I should note, however, that there are seasonal things I do enjoy even in November. Arthur’s array of ads from New Zealand and the UK don’t irritate me as much as the American-made versions, maybe because they’re generally so well crafted. Or perhaps I just find them quaint. Here are some more ads.

Advent: Hearing God in a Female Voice

Ha! An article about having a “Stress-free” holiday included such wisdom as “You don’t have to make everything from scratch.” Good to know, but that wasn’t happening anyway.

Do you wish “Merry Christmas” to a rabbi?

This caught my attention in a positive light, though it’s happening throughout the year: Alexandria [Louisiana] church holds community feeding day. “Reverend Roger Green said the event is one of his favorite parts of the job.” No relation to me, as far as I know.

Now I Know: The Forgotten History of Jingle Bells

JOKES!
Where did Frosty put his money?
In the snow bank. All his assets were frozen!

What is Santa’s favorite sweater?
His Fleece Navidad

Seasons Greetings

For ABC Wednesday

It’s been around so long that I forgot Jingle Bells was actually penned by someone. The Wikipedia: “It was written by James Lord Pierpont (1822–1893) and published under the title One Horse Open Sleigh in the autumn of 1857.

“Although originally intended for the Thanksgiving season, and having no connection to Christmas, it became associated with Christmas music and the holiday season in general decades after it was first performed on Washington Street in Boston in 1857… It was first recorded in 1889 on an Edison cylinder” by Will Lyle.

Lots of people have recorded the song, of course, my favorite being Bing Crosby and the Andrews Sisters in 1943. Even barking dogs have charted, first in 1955.

Jingle Bells was the first song broadcast from space, by Gemini 6 astronauts Tom Stafford and Wally Schirra with a smuggled harmonica.

Of course, it inspired a number of parodies and homages, most notably Jingle Bell Rock by Bobby Helms from 1957, a very different tune that became one of the most popular seasonal song of all time; as of 2004, it was #3 behind only White Christmas by Bing Crosby, and Nat King Cole’s The Christmas Song.

“The first notes in the chorus have become a motif that has been inserted into recordings other Christmas songs, most notably a guitar passage at the end of [the Cole hit] and Clarence Clemons performing a saxophone solo in the middle of Bruce Springsteen’s Merry Christmas Baby; a piano is also heard playing these notes at the end of Springsteen’s version of Santa Claus is Coming to Town.”

But what’s not mentioned in the article is Joni Mitchell’s song River, which starts and ends with the Jingle Bells theme. I remain fascinated that one of my good friends, now deceased, who was a huge Joni fan did not discern it.

Listen to:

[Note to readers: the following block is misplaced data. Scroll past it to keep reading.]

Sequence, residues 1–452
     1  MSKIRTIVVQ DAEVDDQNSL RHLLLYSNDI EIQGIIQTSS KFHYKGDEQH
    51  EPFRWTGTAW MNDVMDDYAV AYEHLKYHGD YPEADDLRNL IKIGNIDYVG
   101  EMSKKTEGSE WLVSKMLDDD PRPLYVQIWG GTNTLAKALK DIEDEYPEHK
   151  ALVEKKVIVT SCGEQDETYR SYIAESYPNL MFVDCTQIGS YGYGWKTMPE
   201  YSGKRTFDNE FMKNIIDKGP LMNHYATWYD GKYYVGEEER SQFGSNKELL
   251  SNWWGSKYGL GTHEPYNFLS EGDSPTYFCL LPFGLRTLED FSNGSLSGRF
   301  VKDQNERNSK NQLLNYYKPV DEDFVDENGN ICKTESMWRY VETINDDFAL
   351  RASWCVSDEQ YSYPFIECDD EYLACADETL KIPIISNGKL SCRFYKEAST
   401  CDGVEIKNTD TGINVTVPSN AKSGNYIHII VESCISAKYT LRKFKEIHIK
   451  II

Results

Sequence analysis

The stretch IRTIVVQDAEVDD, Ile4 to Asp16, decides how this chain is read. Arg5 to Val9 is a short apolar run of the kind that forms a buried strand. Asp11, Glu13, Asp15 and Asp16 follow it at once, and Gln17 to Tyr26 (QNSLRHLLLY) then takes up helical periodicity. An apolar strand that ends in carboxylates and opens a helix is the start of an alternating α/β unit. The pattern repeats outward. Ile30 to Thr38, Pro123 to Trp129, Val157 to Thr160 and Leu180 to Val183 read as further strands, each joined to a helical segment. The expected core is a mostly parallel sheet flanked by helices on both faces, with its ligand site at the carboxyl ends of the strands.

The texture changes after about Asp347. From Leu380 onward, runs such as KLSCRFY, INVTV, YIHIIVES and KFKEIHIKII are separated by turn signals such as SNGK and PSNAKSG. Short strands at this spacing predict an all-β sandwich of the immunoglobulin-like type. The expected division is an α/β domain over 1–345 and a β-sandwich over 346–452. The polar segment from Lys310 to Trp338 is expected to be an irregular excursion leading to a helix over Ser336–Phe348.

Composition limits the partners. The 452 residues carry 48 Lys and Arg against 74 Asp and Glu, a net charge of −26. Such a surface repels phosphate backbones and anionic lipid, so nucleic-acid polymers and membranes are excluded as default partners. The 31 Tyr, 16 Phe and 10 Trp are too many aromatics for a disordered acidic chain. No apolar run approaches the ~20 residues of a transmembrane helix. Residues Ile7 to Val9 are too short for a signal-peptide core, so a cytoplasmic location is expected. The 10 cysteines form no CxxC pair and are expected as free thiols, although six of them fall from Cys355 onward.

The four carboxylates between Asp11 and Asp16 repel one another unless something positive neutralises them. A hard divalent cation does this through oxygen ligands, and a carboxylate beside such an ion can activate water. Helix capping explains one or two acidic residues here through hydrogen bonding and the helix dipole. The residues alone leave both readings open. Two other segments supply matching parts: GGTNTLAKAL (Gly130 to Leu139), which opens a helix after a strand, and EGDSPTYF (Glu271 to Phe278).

Jingle Bells (Disney)

Jingle Bells – Bing Crosby & The Andrews Sisters

Jingle Bells – Barking Dogs

Jingle Bells, Batman smells from the Simpsons

Jingle Bells – The Fab Four, in the style of Tomorrow Never Knows by The Beatles

Jingle Bell Rock – Bobby Helms

River – Joni Mitchell

I was looking for suitable material for the work blog and came across a piece called “Yes, Virginia, Online Shopping Is Going to Get Hotter This Season.”

What I discovered was that our intern, an undergraduate student, had NO idea what the “Yes, Virginia” reference meant. And I checked with another young adult and got the same blank response. Yes, I know this is a small sampling.

Talking to our interns has been useful. They know a LOT of things I’m only dimly aware of, but are oblivious to others. Watching JEOPARDY! sometimes has the same effect, as I miss the references to movies of 2017, but nail the questions that all three contestants in their twenties to forties fail to ring in on.

As I thought on it, I should not have been surprised by the pop cultural divide. I mean, “yes, Virginia” was a reference to something that happened over a century ago. With SO much information out there, this type of cultural diffusion was inevitable.

Still, I was, to my surprise, slightly sad. Not to romanticize it overly, but it felt as though another bit of a shared bit of the common culture was fading away. And the headline writer of the article was unaware of it.

As many of you DO know, Eight-year-old Virginia O’Hanlon wrote a letter to the editor of New York’s Sun, and “the quick response was printed as an unsigned editorial Sept. 21, 1897.

“DEAR EDITOR: I am 8 years old.
Some of my little friends say there is no Santa Claus.
Papa says, ‘If you see it in THE SUN it’s so.’
Please tell me the truth; is there a Santa Claus?”

The response, in part:

“Yes, VIRGINIA, there is a Santa Claus. He exists as certainly as love and generosity and devotion exist, and you know that they abound and give to your life its highest beauty and joy. Alas! how dreary would be the world if there were no Santa Claus. It would be as dreary as if there were no VIRGINIAS. There would be no childlike faith then, no poetry, no romance to make tolerable this existence. We should have no enjoyment, except in sense and sight. The eternal light with which childhood fills the world would be extinguished.”